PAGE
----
Since I am a minister, people are always apologizing to me. When they drink or curse. When they talk about sex or anger.
“A bishop, as God’s steward, must be blameless; he must not be arrogant or quick-tempered or addicted to wine or violent or greedy for gain; but he must be hospitable, a lover of goodness, prudent, upright, devout, and self-controlled.” – Titus 1:7-8
Since I am a minister, people are always apologizing to me. When they drink or curse. When they talk about sex or anger. Suddenly they’ll notice me standing there, disguised as a human being, and gasp red-faced, “I’m sorry! I forgot you were a pastor!”
These are usually people who don’t know me very well. I try to set them at ease by taking a swig of whatever they’re having and swearing back at them, but it rarely has the desired effect.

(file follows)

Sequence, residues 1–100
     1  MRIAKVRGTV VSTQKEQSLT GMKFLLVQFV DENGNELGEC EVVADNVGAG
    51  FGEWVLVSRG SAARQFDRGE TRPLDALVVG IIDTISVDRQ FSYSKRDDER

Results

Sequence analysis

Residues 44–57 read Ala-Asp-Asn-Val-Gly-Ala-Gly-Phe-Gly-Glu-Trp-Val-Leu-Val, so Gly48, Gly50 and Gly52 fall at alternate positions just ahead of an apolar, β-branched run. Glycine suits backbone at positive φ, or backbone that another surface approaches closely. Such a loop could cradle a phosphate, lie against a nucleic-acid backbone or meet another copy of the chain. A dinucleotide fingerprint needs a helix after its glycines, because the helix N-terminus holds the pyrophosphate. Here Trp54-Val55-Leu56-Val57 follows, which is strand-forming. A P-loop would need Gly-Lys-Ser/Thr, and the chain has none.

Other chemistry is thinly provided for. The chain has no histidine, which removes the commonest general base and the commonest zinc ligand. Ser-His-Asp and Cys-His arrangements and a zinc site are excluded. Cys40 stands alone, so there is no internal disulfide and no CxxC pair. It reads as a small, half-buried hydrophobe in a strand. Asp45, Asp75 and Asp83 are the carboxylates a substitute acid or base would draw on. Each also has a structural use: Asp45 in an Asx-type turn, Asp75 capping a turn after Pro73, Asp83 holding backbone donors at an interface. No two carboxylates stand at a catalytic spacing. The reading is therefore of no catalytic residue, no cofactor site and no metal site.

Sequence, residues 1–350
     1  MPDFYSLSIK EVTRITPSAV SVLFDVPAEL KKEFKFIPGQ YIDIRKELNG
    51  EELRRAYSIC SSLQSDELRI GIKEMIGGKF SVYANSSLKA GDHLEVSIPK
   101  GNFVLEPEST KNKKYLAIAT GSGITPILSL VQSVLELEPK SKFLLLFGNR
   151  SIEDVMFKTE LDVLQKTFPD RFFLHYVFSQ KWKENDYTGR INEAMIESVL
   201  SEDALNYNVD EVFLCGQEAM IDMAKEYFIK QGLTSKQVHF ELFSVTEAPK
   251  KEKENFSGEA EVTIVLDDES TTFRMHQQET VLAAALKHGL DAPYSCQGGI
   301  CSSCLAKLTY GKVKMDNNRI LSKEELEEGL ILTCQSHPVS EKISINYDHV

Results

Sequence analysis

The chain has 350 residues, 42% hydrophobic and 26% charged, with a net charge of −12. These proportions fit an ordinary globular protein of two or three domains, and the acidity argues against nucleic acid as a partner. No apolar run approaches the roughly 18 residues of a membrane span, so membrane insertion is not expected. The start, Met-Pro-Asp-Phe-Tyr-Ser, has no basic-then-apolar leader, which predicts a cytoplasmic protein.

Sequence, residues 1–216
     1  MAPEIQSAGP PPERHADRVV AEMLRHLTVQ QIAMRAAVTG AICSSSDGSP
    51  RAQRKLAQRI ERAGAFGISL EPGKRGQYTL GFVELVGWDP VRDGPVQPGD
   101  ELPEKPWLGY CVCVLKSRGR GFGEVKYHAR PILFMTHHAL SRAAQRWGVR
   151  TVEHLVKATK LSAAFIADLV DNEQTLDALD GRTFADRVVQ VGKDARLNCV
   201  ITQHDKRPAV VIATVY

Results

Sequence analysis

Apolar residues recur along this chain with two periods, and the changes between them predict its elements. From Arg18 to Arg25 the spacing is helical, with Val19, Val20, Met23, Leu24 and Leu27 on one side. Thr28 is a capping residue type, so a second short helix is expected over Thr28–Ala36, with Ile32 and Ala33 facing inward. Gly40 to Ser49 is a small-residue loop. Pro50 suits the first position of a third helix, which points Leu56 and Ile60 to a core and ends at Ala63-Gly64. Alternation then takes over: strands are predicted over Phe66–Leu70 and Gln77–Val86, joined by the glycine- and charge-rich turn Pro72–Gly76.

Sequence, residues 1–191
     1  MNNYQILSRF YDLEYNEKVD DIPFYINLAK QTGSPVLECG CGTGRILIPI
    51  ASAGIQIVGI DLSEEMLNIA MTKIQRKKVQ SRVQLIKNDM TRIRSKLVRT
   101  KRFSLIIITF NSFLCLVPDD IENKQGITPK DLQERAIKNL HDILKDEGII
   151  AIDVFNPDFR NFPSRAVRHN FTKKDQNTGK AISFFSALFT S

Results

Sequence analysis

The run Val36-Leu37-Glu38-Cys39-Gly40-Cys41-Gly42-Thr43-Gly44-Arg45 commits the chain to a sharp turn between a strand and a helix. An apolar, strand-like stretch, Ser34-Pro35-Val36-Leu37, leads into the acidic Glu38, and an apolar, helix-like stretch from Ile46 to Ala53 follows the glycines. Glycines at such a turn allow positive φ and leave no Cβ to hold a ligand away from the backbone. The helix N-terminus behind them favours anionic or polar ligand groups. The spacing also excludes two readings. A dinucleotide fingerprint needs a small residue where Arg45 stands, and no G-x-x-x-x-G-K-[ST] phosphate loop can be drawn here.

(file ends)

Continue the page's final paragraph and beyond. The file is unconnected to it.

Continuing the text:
I am suspicious of these instructions in Titus, that the Church needs blameless leaders.
On one hand, I recognize that I, like every clergyperson, wear an invisible sign that says something like “God is watching” (but less creepy). And I take seriously the call to be an example of how a person of faith behaves (as best I can).
On the other hand, I fear that the pretense of the perfect pastor gets us all into trouble. When we require our leaders to be blameless, we wind up with clergy who get good at keeping secrets, and we wind up with church members who believe that faith is only for perfect people.
Perhaps what we need is just what we have: angry, sexy, swearing clergy who often disappoint us, but who, on their best days, point us imperfectly toward Perfect Love.
Blameless One, save us from the pain of seeking perfection outside you. Send your Church leaders who are authentically good. Send those leaders congregations who will share their brokenness. Amen.
Vince Amlin is Associate Minister at the United Church of Gainesville, Gainesville, Florida.